The Commodity Futures Trading Commission announced on Dec. 1 that three exchanges have certified that their bitcoin derivatives contracts comply with U.S. rules and regulations, clearing the way for these exchanges to begin trading the contracts. The three exchanges are CME Group, CBOE Futures Exchange, and Cantor Exchange. CME and CFE plan to offer bitcoin futures, and Cantor plans to offer bitcoin binary options.
In a lengthy statement explaining the process, the CFTC emphasized that the three exchanges agreed to "significant enhancements" to contract design and settlement to protect customers and maintain orderly markets. The CFTC also emphasized that it has limited authority over the underlying cryptocurrency markets and will rely on the exchanges to monitor trading in the cash markets.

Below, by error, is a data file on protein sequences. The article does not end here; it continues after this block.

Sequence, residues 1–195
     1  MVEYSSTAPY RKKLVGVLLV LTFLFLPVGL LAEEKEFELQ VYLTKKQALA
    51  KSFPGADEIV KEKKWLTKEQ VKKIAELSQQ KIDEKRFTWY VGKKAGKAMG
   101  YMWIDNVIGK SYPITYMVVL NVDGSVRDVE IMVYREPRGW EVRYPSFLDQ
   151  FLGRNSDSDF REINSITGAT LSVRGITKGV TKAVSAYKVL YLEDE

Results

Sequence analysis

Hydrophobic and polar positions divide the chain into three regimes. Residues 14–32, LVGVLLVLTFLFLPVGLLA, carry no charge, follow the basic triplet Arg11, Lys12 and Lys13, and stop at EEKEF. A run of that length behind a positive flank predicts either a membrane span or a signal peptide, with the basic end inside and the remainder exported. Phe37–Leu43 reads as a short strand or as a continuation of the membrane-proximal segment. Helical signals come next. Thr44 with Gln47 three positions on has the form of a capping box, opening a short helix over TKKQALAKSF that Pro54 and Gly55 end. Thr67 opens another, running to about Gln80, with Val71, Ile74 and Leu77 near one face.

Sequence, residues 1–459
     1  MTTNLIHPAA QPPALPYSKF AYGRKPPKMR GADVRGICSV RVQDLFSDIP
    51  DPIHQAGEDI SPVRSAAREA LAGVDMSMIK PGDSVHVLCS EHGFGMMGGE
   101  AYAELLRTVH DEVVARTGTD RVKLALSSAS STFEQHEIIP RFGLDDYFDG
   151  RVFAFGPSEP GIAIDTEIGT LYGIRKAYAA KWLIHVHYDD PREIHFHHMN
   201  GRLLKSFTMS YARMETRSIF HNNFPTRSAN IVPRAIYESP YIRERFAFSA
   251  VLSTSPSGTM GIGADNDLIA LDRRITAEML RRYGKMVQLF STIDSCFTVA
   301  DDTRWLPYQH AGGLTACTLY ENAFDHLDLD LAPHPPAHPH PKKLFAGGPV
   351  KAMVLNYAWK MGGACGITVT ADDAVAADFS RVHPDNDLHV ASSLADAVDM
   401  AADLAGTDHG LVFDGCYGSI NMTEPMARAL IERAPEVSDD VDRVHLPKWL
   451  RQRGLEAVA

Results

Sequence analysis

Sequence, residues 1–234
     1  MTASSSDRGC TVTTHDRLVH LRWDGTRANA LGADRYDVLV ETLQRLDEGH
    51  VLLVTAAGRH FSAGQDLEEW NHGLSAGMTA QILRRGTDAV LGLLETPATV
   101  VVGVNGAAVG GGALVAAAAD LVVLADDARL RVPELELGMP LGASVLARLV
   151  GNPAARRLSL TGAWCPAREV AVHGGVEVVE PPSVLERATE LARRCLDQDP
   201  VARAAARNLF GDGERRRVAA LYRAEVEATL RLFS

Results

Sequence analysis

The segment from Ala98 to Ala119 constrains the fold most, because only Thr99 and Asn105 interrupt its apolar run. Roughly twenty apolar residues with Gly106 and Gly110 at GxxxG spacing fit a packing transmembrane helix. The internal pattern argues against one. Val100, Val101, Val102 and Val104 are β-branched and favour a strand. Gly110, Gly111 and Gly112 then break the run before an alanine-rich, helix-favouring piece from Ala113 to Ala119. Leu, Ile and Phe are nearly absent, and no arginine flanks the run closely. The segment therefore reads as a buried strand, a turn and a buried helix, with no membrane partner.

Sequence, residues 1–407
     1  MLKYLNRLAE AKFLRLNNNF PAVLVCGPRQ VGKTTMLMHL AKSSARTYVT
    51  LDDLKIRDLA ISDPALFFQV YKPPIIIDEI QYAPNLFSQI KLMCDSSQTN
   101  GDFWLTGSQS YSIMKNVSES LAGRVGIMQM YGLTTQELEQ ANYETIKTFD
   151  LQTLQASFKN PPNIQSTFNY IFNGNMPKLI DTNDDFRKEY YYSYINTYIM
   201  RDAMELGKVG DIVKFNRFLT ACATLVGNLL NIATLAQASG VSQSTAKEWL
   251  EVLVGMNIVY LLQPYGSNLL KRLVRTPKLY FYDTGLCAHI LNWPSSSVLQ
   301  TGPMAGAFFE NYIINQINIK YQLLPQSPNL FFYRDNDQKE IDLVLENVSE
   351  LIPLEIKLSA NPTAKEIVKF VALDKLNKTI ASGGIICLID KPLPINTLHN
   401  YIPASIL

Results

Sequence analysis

In a related development, National Futures Association, the self-regulatory organization for the U.S. futures industry, issued an investor advisory on the risks of trading futures on virtual currencies. NFA said the risks include the potential for price volatility, the risks of using leverage, and attempts by "Ponzi scheme operators and fraudsters" to capitalize on interest in bitcoin.
These three exchanges are not the first to receive a go-ahead from the CFTC. In July the CFTC approved an application by LedgerX, a New York-based startup, to offer bitcoin swaps and options. LedgerX, which began trading in October, operates as a swap execution facility rather than as a futures exchange. Access is limited therefore to institutions and wealthy individuals.